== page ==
Andrew Gulli now plans to publish one of the Hammett stories in The Strand, a crime fiction magazine he edits. Gulli told the Guardian newspaper in England that there were “some very, very good pieces of fiction” amongst the collection he unearthed. He describes some pieces as classic Hammett, meaning his famed hardboiled detective stylings. However, the collection also shows a more experimental side to the author, with some different directions and stories. However, the first piece to find its way into The Strand will be a classic piece of Hammett detective fiction. Entitled So I Shot Him, the story is a quick running piece with deadpan dialogue set beside a lake. Gulli says he plans to collect the 15 stories together and later publish them as a book. Avid fans of Hammett’s works will no doubt be hoping this collection is released sooner rather than later. MW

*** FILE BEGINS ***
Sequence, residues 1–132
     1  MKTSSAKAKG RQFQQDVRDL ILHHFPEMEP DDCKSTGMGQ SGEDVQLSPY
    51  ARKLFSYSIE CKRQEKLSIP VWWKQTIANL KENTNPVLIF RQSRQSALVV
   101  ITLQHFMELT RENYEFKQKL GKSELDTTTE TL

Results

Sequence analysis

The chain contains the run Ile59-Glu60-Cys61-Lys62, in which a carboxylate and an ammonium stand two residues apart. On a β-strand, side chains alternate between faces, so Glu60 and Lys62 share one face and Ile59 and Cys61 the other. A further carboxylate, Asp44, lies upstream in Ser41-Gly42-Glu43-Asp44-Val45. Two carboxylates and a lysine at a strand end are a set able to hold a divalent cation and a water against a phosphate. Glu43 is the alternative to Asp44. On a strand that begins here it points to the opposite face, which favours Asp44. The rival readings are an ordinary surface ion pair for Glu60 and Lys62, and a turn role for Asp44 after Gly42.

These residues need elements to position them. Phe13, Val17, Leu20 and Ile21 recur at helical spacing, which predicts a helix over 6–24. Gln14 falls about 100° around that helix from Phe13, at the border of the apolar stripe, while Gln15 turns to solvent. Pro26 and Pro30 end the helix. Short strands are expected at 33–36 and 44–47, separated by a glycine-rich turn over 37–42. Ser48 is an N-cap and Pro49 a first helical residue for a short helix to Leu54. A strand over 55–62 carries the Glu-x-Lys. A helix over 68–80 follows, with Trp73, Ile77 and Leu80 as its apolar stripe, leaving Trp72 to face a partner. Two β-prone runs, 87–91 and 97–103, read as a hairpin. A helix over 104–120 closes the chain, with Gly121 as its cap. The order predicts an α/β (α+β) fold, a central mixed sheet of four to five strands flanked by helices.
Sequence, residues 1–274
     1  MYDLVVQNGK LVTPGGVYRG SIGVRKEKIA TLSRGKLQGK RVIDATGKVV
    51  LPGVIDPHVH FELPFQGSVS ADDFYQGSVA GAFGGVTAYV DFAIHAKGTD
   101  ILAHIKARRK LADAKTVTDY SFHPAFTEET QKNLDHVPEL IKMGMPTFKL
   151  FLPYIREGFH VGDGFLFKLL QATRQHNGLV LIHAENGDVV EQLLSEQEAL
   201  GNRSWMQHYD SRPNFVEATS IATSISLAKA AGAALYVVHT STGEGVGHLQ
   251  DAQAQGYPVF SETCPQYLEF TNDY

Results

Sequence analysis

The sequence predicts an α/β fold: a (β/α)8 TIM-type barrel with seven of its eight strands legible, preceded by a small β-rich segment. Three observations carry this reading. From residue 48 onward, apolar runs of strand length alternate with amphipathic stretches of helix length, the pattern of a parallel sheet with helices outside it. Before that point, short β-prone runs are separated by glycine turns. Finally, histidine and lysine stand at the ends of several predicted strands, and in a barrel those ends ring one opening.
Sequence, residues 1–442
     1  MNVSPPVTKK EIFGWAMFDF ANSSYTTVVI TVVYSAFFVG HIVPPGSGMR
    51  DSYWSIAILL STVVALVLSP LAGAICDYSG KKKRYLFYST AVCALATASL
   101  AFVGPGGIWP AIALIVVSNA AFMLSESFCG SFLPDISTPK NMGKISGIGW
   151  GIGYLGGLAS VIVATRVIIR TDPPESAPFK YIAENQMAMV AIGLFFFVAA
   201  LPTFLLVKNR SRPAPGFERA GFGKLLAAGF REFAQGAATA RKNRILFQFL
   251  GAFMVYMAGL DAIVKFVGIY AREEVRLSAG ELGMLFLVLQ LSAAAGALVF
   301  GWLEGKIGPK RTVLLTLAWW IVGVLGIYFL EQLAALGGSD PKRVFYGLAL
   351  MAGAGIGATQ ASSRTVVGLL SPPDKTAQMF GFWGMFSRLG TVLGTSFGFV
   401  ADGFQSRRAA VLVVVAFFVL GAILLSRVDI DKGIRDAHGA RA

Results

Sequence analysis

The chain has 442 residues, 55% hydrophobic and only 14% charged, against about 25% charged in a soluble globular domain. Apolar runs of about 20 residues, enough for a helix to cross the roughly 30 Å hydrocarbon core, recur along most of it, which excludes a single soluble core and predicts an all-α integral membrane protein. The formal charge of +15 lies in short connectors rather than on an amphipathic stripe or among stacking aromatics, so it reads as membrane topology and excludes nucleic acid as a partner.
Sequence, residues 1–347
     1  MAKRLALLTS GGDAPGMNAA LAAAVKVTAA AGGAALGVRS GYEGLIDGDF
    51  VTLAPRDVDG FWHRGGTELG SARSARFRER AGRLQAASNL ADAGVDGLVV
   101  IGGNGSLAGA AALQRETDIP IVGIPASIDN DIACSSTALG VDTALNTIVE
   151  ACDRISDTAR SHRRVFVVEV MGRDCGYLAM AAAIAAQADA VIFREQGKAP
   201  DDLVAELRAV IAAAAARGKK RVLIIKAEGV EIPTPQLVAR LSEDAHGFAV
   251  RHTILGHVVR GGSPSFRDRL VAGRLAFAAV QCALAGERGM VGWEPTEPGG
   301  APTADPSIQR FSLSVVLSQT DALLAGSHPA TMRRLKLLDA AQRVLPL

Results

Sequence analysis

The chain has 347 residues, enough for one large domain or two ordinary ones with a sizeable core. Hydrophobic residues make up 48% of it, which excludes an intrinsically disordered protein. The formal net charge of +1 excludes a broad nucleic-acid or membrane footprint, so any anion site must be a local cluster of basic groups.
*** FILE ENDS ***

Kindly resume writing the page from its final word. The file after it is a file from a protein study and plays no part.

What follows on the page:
Wulfstan’s Literary Tumble
Mr Tumpy’s Caravan In 1949 Enid Blyton published a comic strip entitled Mr Tumpy and his Caravan. Last year the Seven Stories centre in Newcastle, England, believed a 180-page manuscript of the same name to be an alternate version. The manuscript came into Seven Stories’ hands after an auction last September by Blyton’s family. The manuscript is from over a decade before the comic strip’s publication and totally different in content. The story centres around a princess in a foreign land, a pet dog called Bun-Dorg and a dog-headed dragon (like the one in the photo – right). The Enid Blyton Society’s Tony Summerfield believes it is a “bottom drawer” story. A naïvely written piece soon discarded as the writer learns their craft. Blyton’s daughter, Imogen, told the BBC that previously unknown stories by famous authors often cause excitement. Especially if they were not previously known about.